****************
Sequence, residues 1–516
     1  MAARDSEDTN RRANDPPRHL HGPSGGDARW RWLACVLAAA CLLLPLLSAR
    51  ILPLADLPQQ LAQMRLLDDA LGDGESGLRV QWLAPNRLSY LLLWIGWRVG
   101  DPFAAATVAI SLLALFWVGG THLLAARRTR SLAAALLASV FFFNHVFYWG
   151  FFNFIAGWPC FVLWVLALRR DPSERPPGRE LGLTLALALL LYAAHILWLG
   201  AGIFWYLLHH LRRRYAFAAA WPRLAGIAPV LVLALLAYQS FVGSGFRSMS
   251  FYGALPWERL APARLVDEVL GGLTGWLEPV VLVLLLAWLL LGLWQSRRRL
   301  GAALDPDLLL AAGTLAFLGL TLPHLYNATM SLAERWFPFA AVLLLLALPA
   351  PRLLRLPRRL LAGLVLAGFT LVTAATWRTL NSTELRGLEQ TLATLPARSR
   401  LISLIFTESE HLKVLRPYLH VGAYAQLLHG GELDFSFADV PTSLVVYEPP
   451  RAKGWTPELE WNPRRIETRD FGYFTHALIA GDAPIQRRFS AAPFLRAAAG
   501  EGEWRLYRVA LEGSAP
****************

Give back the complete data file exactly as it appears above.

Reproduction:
Sequence, residues 1–516
     1  MAARDSEDTN RRANDPPRHL HGPSGGDARW RWLACVLAAA CLLLPLLSAR
    51  ILPLADLPQQ LAQMRLLDDA LGDGESGLRV QWLAPNRLSY LLLWIGWRVG
   101  DPFAAATVAI SLLALFWVGG THLLAARRTR SLAAALLASV FFFNHVFYWG
   151  FFNFIAGWPC FVLWVLALRR DPSERPPGRE LGLTLALALL LYAAHILWLG
   201  AGIFWYLLHH LRRRYAFAAA WPRLAGIAPV LVLALLAYQS FVGSGFRSMS
   251  FYGALPWERL APARLVDEVL GGLTGWLEPV VLVLLLAWLL LGLWQSRRRL
   301  GAALDPDLLL AAGTLAFLGL TLPHLYNATM SLAERWFPFA AVLLLLALPA
   351  PRLLRLPRRL LAGLVLAGFT LVTAATWRTL NSTELRGLEQ TLATLPARSR
   401  LISLIFTESE HLKVLRPYLH VGAYAQLLHG GELDFSFADV PTSLVVYEPP
   451  RAKGWTPELE WNPRRIETRD FGYFTHALIA GDAPIQRRFS AAPFLRAAAG
   501  EGEWRLYRVA LEGSAP